Dorothy L. Harris
Ah, it's winter in Florida. Bright, sunny days followed by clear, cool nights. We've got it so good I'm surprised someone hasn't figured out how to tax us for it. Anyway, go grab a cold one and come huddle around the campfire. I want to tell you a story about the great white north.
I must admit, I had almost forgotten all about it, but then a friend recently moved to north Maine, as if Maine wasn't north enough already, and I'm hearing all about her first experiences with winter weather. Mind you, she was a Florida native who had never seen snow before.
I tried to warn her to get out before winter set in, but being all in love with her new hubby; she was blinded to the harsh realities of the frozen tundra. Now she is stuck. Stuck as in she couldn't leave, even with chains on her tires, due to the abundant snowfall. Thus she's learning about survival under extreme conditions and I'm remembering why I moved here in the first place.
She spent her weeks of blustery fall weather chopping firewood and gathering kindling. Surprisingly, she found this left her sorer than if she had been working out at the gym, which by the way they don't have up there. Come to think of it, there are a lot of things they don't have up there. Abundant sunshine or electricity, at least at this moment, comes to mind.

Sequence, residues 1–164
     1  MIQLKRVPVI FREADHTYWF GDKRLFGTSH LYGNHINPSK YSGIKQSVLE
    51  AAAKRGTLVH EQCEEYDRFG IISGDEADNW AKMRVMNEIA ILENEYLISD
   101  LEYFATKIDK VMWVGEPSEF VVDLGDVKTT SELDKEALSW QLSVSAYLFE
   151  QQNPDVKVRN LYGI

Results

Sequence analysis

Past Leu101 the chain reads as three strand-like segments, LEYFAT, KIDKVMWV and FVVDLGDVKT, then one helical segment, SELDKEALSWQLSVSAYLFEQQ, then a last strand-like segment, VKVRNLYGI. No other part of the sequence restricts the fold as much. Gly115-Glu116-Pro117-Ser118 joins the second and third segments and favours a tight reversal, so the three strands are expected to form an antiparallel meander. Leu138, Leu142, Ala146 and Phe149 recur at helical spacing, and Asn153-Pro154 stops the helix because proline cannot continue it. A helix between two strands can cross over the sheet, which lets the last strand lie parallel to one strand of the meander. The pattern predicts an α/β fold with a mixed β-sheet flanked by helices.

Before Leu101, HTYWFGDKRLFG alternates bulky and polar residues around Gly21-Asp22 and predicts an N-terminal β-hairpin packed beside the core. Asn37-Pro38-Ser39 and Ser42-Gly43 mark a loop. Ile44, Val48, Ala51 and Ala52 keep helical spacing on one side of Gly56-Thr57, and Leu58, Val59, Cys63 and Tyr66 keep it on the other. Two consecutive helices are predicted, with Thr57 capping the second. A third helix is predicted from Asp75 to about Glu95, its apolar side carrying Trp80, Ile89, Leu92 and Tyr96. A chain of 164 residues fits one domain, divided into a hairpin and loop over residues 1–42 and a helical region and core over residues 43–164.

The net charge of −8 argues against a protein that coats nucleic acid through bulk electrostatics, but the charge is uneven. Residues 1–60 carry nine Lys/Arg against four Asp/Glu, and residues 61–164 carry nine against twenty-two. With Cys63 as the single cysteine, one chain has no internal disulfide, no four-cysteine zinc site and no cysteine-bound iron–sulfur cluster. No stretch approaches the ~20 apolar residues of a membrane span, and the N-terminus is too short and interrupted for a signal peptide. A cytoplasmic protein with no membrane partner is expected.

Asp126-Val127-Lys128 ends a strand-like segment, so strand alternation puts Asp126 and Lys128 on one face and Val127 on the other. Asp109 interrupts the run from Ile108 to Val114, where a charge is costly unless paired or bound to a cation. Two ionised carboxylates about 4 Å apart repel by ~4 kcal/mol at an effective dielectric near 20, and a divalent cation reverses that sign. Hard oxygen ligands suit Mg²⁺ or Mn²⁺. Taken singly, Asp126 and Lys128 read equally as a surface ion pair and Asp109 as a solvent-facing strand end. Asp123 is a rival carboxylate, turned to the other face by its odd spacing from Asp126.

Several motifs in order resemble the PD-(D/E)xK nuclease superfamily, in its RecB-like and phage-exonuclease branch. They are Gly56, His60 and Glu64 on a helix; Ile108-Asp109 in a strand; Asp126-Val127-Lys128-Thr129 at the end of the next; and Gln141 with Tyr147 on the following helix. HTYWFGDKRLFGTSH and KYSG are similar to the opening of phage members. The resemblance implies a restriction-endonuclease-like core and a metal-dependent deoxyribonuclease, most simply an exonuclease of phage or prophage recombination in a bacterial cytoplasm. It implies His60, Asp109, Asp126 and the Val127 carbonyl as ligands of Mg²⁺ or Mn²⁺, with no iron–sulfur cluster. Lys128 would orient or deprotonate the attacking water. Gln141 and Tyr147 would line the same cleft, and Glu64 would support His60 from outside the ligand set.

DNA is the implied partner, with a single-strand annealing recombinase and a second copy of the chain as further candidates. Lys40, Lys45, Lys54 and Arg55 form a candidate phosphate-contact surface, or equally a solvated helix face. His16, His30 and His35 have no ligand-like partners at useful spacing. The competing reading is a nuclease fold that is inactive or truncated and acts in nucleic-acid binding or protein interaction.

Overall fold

She did take my advice to put plastic shrink wrap on the inside of her windows to help cut down on drafts. She noticed right away her hair doesn't get all messed up when she walks by the windows anymore. She also put a cast iron pot of spices to steam on top of the pellet stove, desperate to keep some humidity in the air.
Yes, you read that right my sun-worshipping friends. There are places where one must actively work to put some moisture back into the air, since we Floridians inadvertently seem to hog all the humidity here in our peninsula. (I can almost hear the teenagers with flat-ironed hair taking a wistful breath over this bit of information- "No humidity, are you serious?")
My friend is also trying to figure out a way to keep her ducks from freezing. Yes, you read correctly, she has livestock. My husband calls them frozen food, and hers probably would too, but alas, she is a vegetarian. For now, the ducks are pets as are the roosters, chickens and others. Keeping their water bowls from icing over has been a real chore because their pipes keep freezing. I can't imagine what's happening right now with a possible lack of power on top of the bone-chilling temperatures and heavy snows. Do I hear all the vacationing Yankees laughing as they splash in their community swimming pools? Yes, you indeed know all about this and that's why you are here too.
Unfortunately for my dear friend, she is not, and old man winter is about to kick her butt. I suggested spiked golf shoes for heading out to care for the critters. Not so she could get a birdie, but so she doesn't fall on her booty while walking across the ice.
I almost feel guilty as I run in the afternoon sunshine or adjust the air conditioning a bit lower due to our unseasonably warm temperatures. Just the thought of being in the north, however, is more than enough chill for my bones.